Musical Meowing


Uncommon Time

Uncommon Time: Five

L. Pierre – Baby Breeze (2005)

Wow. I’ve been listening to (and loving) this track for years but not until a few days ago, when it came on in the car, did I realise it was actually in 5/4. I guess the elongated time signature helps to emphasise the drawn-out orchestral flourishes, which bloom and overlap like celestial clouds. Sorry, got a little poetic there, but I do love this track. Heavenly.


The Five-Star Tour – Porcupine Tree

Porcupine Tree – The Sound Of Muzak (2002)

If you write a song lamenting the descent of music into demographic-targetted, packaged crap, you’d better make sure it’s a cracking good song. No worries with Porcupine Tree in the driving seat. Musically there’s a great contrast between the muscular 7/4 verse (also meriting inclusion in my Uncommon Time series!) and the sumptuous common-time chorus. I even appreciate the lyrics, which is very unusual for me. Steven Wilson sings clearly and writes to-the-point lyrics, which probably don’t win any awards for poetry but cut to the chase adroitly. For example, ‘The music of rebellion / Makes you wanna rage / But it’s made by millionaires / Who are nearly twice your age‘.

The Five-Star Tour – Plaid

Plaid – At Last (2011)

The closing track from Plaid‘s 2011 album Scintilli, this one’s a beauty (and also fits into my Uncommon Time theme, being in three or six time) – a concise summary of Plaid at their finest.

(although I’m not massively keen on their official video for it…)

Uncommon Time: Thirty-One

Ozric Tentacles – Fetch Me The Pongmaster (1988)

From way back in the Ozrics‘ mighty back catalogue, this might be badly in need of a remastering but it is an excellent distillation of their potential. Trippy, swirly, astral, a little goofy, but always with that something extra to elevate it above bland ‘chill out’ music. Often that’s Ed Wynne‘s stellar, virtuoso fret work, but also here a little trick to the time signature. The 31/8 is actually simpler than it sounds, being three groups of 8 and one of 7 – i.e. just a half-beat missing at the end of each four bars; just enough to give it that little glitch, a little complexity in the pattern, and refocus one’s attention on the spinning, glittering synths and guitars.

Uncommon Time: Sixes and Sevens

Midlake – Core of Nature (2010)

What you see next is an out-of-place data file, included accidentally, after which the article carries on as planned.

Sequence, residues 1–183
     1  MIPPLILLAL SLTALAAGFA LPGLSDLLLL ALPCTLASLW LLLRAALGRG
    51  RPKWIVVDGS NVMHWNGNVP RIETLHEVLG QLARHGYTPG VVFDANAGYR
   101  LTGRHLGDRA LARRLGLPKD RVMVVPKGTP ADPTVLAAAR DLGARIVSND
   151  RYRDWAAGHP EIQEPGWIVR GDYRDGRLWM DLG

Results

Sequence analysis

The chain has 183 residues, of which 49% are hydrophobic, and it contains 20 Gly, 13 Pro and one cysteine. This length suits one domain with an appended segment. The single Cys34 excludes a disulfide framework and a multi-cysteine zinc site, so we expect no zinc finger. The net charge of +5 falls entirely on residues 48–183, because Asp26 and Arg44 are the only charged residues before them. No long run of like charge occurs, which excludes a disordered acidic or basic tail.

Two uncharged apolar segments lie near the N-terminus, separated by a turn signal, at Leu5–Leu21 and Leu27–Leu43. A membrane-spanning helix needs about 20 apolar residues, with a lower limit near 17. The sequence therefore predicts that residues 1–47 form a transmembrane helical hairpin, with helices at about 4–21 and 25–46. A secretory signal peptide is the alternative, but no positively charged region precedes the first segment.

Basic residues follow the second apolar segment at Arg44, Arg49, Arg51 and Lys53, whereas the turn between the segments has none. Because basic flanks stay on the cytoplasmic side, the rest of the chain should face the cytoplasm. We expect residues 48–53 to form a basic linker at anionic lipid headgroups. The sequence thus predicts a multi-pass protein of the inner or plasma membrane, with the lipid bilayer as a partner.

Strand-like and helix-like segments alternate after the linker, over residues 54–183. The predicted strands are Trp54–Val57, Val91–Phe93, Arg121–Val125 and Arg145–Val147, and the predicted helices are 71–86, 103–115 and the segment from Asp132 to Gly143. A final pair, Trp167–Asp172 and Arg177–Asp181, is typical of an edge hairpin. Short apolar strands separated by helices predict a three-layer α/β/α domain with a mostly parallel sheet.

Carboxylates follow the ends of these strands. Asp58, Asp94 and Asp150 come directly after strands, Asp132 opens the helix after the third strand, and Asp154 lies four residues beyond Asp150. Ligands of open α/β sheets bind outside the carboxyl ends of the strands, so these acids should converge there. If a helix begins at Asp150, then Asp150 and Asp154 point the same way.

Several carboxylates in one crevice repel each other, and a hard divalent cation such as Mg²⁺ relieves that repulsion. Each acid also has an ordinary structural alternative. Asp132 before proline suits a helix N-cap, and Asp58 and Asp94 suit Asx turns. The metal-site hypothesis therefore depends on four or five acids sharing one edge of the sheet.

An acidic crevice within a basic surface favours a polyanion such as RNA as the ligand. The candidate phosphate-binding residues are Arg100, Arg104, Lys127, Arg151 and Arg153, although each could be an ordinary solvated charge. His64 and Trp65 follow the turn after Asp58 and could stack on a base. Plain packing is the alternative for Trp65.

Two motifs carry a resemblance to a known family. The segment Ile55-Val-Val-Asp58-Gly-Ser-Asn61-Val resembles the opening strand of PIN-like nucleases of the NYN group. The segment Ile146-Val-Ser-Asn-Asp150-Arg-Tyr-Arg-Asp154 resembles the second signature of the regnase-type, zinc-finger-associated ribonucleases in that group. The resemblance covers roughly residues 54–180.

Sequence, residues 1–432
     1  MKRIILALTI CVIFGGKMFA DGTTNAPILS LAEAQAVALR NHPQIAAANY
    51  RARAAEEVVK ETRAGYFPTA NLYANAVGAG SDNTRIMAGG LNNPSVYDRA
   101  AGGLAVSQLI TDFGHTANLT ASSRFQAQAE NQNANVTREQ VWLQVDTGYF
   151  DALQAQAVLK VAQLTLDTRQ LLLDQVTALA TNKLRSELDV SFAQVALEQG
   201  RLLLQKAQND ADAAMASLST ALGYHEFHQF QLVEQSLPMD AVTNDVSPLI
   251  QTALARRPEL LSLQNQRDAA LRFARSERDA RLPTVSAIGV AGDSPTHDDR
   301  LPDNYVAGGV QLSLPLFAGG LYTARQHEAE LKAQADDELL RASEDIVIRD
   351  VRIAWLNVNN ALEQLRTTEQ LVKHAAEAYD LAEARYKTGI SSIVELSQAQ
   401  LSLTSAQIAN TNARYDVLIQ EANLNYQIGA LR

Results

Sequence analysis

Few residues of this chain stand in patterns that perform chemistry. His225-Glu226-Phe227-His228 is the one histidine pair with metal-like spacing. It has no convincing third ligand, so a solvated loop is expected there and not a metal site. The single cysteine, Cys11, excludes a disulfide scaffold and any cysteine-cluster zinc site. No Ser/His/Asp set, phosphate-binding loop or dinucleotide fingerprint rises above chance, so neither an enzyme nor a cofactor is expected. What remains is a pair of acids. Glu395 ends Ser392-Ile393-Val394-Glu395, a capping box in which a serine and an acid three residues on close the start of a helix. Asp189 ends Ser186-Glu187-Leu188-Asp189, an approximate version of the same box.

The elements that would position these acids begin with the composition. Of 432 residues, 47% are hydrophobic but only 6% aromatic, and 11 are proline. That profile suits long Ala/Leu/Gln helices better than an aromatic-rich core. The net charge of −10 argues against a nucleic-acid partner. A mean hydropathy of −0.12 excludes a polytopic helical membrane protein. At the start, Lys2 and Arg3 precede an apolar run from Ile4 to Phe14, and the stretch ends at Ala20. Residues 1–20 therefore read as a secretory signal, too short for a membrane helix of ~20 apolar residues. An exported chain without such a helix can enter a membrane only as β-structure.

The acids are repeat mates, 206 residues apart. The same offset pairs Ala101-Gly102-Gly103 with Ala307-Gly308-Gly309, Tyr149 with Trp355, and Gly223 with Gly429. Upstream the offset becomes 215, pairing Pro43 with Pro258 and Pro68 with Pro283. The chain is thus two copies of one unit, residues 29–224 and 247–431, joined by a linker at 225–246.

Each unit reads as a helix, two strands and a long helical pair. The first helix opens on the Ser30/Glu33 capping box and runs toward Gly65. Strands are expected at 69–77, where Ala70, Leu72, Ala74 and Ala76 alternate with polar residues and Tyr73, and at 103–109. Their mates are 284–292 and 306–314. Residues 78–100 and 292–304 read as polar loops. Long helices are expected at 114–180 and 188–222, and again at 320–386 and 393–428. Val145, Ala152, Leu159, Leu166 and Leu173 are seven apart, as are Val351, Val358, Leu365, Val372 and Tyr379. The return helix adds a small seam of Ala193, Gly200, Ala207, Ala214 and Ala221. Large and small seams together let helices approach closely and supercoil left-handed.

Midlake‘s third album, The Courage of Others (2010), is sumptuously melancholic – rich melodies and harmonies almost dripping with feelings of sadness and regret. It’s a very consistent album which makes for a satisfying experience and this song represents the whole nicely, whilst switching between six* time and seven time.

*or maybe three, but I decided I preferred to think of it in sixes, to go with the sevens – although I must say I hoped to find a better established origin of the phrase “at sixes and sevens“…

Uncommon Time: Six

Beach House – Take Care (2009)

The closing track from Beach House‘s majestic 2009 album, Teen Dream. They just hit upon such a magical formula for this album, which they continued with last year’s Bloom. This might be my favourite track from Teen Dream and perfectly showcases their expert layering of melodies, richly instrumented, all in 6/8.

Uncommon Time: Six

Lusine – Stratus (2013)

Bang up to date with this one! I’ve been enjoying Lusine‘s recent album, The Waiting Room, a lot and I realised that this storming number was actually in 6/4 so a perfect candidate for this column. House and techno are perhaps the genres most naturally rooted in 4/4 time so it’s great to hear something a little more … uncommon!

Uncommon Time: Three

Mew – The Seething Rain Weeps For You (2005)

I love Mew, and although they have slightly been suffering from diminishing returns with each album, they get away with it because the magnificent Frengers (2003) set the bar so high. They combine saw-toothed guitars with a Scandinavian sense for soaring melodies (see also: Sigur Ros) and aren’t afraid to go all prog once in a while.

Uncommon Time: Seven

Mark van Hoen – She’s Selda (2010)

I’ve no idea who Selda is, but this is a lovely bit of brooding, drifting electronica in seven time. This is a great introduction to the style and ambiance of Mark van Hoen, who really came to my attention in a big way last year.

I couldn’t find a link to the song on YouTube, unfortunately, and I think uploading it myself is probably illegal, so the best I can offer at present is a Spotify link – if you have access to Spotify hopefully this will work; if you don’t, maybe it will anyway?

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